# Quantum statistics of free particles

```Quantum statistics of free particles
Identical particles
Two particles are said to be identical if all their intrinsic properties
(e.g. mass, electrical charge, spin, color, . . . ) are exactly the same.
Imagine: 2 identical classical objects
We can label them because we can keep track of the trajectories
1
2
Heisenberg’s uncertainty principle prevents us from keeping track in qm
identical quantum particles are indistinguishable
Implications from indistinguishability
Consider Hamilton operator H  h1  h2 ,e.g., H  
2
2m
 
2
1
2
2m
2
2
With corresponding Schroedinger eq.
2
 2 2
2




 2m 1 2m 2  ( r 1 , r 2 )  E ( r 1 , r 2 )


For the interaction free situation considered here
spin variable
look at solutions of
hˆ i  r ,     i i  r ,  
i labels set of quantum numbers of particular single particle
eigenfunction (do not confuse with particle label)
for basis functions appropriate to build up  ( r 11 , r 2 2 )
Why is a simple product ansatz ( r 1 1 , r 2 2 )  i  r1 ,  1  i  r 2 ,  2  not appropriate?
1
2
If we conduct an experiment with indistinguishable particles a correct quantum
description cannot allow anything which distinguishes between them.
 ( r 1 1 , r 2 2 )  i  r1 ,  1  i  r 2 ,  2  artificially distinguishes between the 2 particles
1
2
because indistinguishability requires
however in general
2
 ( r 11 , r 2 2 )   ( r 2 2 , r 11 )
i  r1 , 1 i  r 2 , 2   i  r2 , 2 i  r 1 ,1 
2
1
2
1
2
2
2
Simple product ansatz introduces unphysical labels to indistinguishable particles
What we need is a property like this
2
 ( r 11, r 2 2 )  e  ( r 2 2 , r 11 ) to fulfill  ( r 11 , r 2 2 )   ( r 2 2 , r 11 )
i
Nature picks to simple realizations for e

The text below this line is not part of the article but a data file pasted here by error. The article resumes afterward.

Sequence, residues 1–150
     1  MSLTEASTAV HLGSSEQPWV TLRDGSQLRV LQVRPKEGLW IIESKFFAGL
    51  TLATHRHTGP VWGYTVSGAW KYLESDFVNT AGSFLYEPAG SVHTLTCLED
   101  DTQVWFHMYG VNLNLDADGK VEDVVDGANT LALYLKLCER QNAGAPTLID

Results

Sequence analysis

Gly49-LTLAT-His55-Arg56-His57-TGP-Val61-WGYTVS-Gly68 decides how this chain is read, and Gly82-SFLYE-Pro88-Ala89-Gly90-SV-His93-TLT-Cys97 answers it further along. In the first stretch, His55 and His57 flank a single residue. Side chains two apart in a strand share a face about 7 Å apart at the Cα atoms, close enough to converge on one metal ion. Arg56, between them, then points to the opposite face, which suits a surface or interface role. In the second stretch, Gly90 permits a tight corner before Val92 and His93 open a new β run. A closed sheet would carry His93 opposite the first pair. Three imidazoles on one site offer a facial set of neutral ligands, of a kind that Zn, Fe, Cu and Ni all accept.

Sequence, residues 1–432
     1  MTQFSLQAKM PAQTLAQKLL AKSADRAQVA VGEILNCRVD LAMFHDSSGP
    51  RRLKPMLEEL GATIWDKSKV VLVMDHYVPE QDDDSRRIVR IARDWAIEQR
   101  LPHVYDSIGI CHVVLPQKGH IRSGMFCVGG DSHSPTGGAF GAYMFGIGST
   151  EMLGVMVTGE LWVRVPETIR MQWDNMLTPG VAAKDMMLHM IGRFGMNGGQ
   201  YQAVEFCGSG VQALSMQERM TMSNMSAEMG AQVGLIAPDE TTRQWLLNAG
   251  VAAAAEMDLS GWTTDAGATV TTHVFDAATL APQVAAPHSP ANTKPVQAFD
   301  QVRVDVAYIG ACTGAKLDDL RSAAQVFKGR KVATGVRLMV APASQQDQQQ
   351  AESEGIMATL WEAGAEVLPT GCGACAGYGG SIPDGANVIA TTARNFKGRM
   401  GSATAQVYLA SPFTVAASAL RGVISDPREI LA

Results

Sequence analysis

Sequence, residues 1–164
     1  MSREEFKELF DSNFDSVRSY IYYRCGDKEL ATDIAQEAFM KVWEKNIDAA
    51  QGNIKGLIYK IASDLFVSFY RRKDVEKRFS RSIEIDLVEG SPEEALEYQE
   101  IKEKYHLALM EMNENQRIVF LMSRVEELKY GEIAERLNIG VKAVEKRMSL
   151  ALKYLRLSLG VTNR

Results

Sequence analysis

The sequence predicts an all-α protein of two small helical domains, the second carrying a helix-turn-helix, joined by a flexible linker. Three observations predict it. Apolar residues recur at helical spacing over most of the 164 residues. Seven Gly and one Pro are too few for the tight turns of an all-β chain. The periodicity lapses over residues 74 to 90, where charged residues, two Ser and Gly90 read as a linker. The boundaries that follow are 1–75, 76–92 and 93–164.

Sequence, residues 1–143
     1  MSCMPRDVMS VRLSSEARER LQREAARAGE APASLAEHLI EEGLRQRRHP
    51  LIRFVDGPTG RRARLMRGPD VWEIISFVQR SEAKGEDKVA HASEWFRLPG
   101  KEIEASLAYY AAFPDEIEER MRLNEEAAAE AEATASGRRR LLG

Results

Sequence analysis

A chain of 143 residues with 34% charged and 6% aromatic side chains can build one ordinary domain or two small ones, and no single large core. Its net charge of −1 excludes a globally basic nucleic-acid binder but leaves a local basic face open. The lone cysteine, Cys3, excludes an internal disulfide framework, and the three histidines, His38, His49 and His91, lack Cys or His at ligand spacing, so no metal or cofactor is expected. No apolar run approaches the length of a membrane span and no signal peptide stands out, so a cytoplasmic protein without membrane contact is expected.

  ( r 2 2 , r 1 1 )


 ( r 1 1 , r 2 2 )  

  ( r 2 2 , r 1 1 )

ei  e0  1, ei  1
2
i
bosons
fermions
These symmetry requirements regarding particle exchange are fulfilled by
bosons


1 
 ( r 11 , r 2 2 ) 
 i1  r1 , 1 i2  r 2 , 2  i1  r2 , 2 i2  r 1 ,1  

2

fermions
Let’s summarize properties of antisymmetry product ansatz for fermions
 ( r 1 1 , r 2 2 ) 

1
i1  r1 ,  1  i2  r 2 ,  2   i1  r2 ,  2  i2  r 1 ,  1 
2

1 Solves Schroedinger equations for non-interacting particles
2 Eigenenergies E are given by E   i   i
1
2
3 Antisymmetry of wave function  ( r 11, r 2 2 )   ( r 2 2 , r 11 )
4 Pauli principle fulfilled: for identical single particle quantum numbers i1  i2
 ( r 11 , r 2 2 )  0 
2 identical fermions cannot occupy the same single particle state
Antisymmetric wave function for N identical fermions
Slater determinant
i  r 1 ,  1 
1
i  r 2 ,  2  ... i  r N ,  N 
1
1
1 i2  r 1 ,  1  i2  r 2 ,  2  ... i2  r N ,  N 
 i1 ,i2 ,...,iN ( r 1 1 , r 2 2 ,..., r N N ) 
N!
i
N
 r , 
1
1
i
N
r
2
,  2  ... iN  r N ,  N 
Check N=2
1 i1  r 1 ,  1  i1  r 2 ,  2 
 i1 ,i2 ( r 1 1 , r 2 2 ) 
2! i2  r 1 ,  1  i2  r 2 ,  2 


1
i1  r 1 ,  1  i2  r 2 ,  2   i1  r 2 ,  2  i2  r 1 ,  1 
2

Using occupation numbers to characterize N-particle states
Let ni be the # indicating how often the single particle state i is occupied
within the N-particle state described by 
fermions
ni  0,1 only possibility in accordance with Pauli principle
bosons
ni  0,1, 2, 3, ...
A few examples:
N=2 particles
bosons


1
2  r 1 ,  1  3  r 2 ,  2   2  r 2 ,  2  3  r 1 ,  1 
2
fermions

n1  0, n2  1, n3  1, n4  0, ...

1
3  r 1 ,  1  3  r 2 ,  2   3  r 2 ,  2  3  r 1 ,  1 
2
n1  0, n2  0, n3  2, n4  0, ...
E  2 3

1
2  r 1 ,  1  3  r 2 ,  2   2  r 2 ,  2  3  r 1 ,  1 
2
n1  0, n2  1, n3  1, n4  0, ...
E   2  3

